My sister, Linda, busily prepared a sample board for a client. She add fabric swatches, pictures of tables and chairs, paint chips and samples of trim.
The idea is to give her client a visual of how she addressed their redecorating needs and desires. She does that a lot at LaBella Casa.
I looked at the board in amazement. I would have never thought to combine that stripe with that floral. The colors weren’t all the same, yet they complimented each other. My fingers would brush across a variety of textures and finishes.
And, on each sample board, you’d spot some surprising twist. It could be a leopard print chair, a neon glow pillow or delicate trim on a rustic lamp shade. Whatever it was, it was beautiful.
But then I’m Linda’s sister. Everything she does to decorate a home amazes me.
That’s when it occurred to me. What if, after Linda put all these ideas together, the client didn’t like it. What if their first response was “No, that’s not it.” So, I asked her.
Linda answered with a bewildered look on her face. It’s as if she were searching her brain trying to figure out why I should ask such a silly question.
“No” isn’t an answer. It’s a direction,” my sister explained.
Many years ago my dad woke me up in the middle of the night. I sensed panic as he grabbed me up in his arms and ran toward my parent’s bedroom. Suddenly, he unceremoniously dropped like a hot potato on the bed.
Dad dropped me in response to my mother’s urgent screams. The baby was coming. No time to call an ambulance. No time to load everyone up in the car. The baby was coming… NOW!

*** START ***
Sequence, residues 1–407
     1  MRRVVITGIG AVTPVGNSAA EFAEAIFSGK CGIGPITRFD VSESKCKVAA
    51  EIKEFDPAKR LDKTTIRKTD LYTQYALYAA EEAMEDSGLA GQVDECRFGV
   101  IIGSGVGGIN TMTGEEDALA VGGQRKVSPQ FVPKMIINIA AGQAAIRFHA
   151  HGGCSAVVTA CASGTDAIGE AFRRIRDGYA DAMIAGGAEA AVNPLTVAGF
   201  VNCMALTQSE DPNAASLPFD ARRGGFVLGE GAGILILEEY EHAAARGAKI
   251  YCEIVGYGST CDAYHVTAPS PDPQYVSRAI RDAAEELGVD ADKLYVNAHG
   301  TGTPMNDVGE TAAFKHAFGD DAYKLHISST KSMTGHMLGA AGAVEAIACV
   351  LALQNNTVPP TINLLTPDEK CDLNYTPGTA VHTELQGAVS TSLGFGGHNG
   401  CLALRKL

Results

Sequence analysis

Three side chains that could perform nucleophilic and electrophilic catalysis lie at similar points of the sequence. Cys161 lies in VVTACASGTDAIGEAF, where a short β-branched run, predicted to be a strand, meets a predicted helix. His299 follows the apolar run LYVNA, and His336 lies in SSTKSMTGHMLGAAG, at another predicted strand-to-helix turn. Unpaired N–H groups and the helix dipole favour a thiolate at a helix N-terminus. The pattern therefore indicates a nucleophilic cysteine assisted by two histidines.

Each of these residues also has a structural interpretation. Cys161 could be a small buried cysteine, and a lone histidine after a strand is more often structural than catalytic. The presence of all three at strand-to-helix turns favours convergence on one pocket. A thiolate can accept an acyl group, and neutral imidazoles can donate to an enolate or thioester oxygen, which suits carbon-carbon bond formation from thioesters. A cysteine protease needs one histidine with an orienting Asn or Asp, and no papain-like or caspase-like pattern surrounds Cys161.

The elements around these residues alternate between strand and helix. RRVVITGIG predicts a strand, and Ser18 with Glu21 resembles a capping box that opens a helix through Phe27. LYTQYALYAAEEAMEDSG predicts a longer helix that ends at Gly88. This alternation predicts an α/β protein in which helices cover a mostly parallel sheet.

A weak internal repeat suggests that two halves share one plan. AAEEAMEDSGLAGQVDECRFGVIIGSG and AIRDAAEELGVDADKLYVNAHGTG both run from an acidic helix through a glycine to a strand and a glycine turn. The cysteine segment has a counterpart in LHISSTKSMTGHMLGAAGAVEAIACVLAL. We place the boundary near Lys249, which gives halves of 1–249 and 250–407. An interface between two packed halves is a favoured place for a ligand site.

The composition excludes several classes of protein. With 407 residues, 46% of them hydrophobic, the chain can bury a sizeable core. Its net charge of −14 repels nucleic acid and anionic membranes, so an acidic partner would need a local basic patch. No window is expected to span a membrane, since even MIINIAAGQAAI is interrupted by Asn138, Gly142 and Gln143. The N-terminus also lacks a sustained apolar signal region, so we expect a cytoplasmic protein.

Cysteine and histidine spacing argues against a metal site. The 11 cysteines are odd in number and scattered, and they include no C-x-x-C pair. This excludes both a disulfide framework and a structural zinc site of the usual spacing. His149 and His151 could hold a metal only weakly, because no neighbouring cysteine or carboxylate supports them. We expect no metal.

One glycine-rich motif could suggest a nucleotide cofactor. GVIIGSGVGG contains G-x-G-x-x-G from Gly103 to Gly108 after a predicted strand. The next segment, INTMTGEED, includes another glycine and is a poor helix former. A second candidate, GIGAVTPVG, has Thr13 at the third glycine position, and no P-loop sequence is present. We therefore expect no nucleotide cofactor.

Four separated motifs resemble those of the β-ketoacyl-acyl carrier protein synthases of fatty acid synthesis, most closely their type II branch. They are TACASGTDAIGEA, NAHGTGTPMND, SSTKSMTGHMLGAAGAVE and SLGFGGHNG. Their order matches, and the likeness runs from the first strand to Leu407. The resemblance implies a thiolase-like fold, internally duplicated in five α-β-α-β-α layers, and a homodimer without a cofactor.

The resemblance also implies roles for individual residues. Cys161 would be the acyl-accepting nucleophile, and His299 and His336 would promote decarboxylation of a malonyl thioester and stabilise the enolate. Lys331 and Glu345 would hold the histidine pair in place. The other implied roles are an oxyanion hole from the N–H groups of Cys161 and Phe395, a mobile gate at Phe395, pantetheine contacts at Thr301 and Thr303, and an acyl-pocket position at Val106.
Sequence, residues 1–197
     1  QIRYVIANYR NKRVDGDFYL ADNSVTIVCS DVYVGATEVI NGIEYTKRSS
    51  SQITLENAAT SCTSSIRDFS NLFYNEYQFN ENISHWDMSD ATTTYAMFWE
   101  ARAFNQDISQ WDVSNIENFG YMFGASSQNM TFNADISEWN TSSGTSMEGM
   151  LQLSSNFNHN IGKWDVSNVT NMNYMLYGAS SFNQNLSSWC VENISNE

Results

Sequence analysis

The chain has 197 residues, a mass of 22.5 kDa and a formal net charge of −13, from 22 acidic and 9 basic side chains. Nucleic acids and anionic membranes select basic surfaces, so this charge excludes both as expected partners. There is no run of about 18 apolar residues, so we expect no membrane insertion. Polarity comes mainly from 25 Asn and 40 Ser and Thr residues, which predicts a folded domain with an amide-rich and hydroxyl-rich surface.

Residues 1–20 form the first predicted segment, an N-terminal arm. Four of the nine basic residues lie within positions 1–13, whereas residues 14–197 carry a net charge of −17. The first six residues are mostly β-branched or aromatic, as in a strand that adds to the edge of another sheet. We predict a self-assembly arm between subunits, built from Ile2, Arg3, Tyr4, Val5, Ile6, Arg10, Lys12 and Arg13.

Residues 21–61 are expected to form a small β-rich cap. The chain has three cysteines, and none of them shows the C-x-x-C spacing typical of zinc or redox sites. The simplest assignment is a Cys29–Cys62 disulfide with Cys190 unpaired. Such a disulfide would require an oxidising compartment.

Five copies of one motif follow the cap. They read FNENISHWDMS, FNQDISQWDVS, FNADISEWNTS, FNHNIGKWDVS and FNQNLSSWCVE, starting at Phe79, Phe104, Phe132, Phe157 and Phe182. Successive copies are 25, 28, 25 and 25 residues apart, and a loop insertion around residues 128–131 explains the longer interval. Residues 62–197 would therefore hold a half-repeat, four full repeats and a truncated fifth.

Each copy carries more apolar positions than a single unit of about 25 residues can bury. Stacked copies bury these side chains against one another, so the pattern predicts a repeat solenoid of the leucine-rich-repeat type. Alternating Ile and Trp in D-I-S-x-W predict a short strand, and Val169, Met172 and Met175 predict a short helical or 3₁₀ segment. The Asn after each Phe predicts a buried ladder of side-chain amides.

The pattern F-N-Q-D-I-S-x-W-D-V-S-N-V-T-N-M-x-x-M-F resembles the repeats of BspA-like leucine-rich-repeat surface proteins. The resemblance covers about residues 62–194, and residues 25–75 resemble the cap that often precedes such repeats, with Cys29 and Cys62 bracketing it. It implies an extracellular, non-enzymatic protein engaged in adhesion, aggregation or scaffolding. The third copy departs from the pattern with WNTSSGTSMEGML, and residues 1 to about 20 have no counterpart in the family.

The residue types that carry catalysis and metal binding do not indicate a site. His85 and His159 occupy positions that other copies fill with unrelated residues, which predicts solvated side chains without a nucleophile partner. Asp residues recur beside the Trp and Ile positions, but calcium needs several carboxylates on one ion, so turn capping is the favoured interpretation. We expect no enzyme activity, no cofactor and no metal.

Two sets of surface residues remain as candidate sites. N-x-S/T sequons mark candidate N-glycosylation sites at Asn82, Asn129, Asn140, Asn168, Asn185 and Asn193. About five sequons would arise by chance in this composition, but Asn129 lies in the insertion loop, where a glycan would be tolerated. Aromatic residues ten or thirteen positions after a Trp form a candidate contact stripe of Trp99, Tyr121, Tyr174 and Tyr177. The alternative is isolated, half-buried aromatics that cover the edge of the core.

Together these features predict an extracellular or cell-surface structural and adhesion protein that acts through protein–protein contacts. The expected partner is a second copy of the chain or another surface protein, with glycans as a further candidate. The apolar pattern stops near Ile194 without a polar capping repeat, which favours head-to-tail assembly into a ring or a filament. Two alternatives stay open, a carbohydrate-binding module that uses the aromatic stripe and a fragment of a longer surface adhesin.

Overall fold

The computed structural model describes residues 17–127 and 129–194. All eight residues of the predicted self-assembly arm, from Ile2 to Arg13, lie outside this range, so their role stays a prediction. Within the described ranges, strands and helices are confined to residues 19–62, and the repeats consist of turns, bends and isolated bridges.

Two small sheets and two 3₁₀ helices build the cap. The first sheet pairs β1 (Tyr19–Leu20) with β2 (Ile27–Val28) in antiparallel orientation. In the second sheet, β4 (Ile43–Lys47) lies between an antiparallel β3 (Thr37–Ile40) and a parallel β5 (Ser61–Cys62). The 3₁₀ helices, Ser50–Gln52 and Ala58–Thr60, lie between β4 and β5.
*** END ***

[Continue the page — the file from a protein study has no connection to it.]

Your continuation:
My little sister, Linda, was born at home in the wee hours of the morning. Dad arrived just in time to catch Linda as she pushed her way into this world. It was quite the event.
My sister, Linda, is a genius with fabric. She uses linen, toile, cotton and lace to make your home beautiful. And she’s been doing it for over 30 years.
She calls her design shop LaBella Casa. That’s Italian for “Your Beautiful Home.”
Trust me. My sister knows a thing or two creating beautiful spaces to live.
It all started in the mud.
Our family grew up in a cherry orchard in the Yakima Valley.
When we were little, my brothers spent hours under the big Lambert tree hauling dirt, rocks, and sticks in their Tonka trucks to Linda. She used these materials to build homes filled with her designer mud furniture.
Once she finished decorating she would “sell” the home to my brothers, in exchange for Tonka truck road grading and hauling. Then she’d move to the other side of the tree and start building a mansion, that she would fill with her designer mud furniture. Continue reading My sister; a born decorator→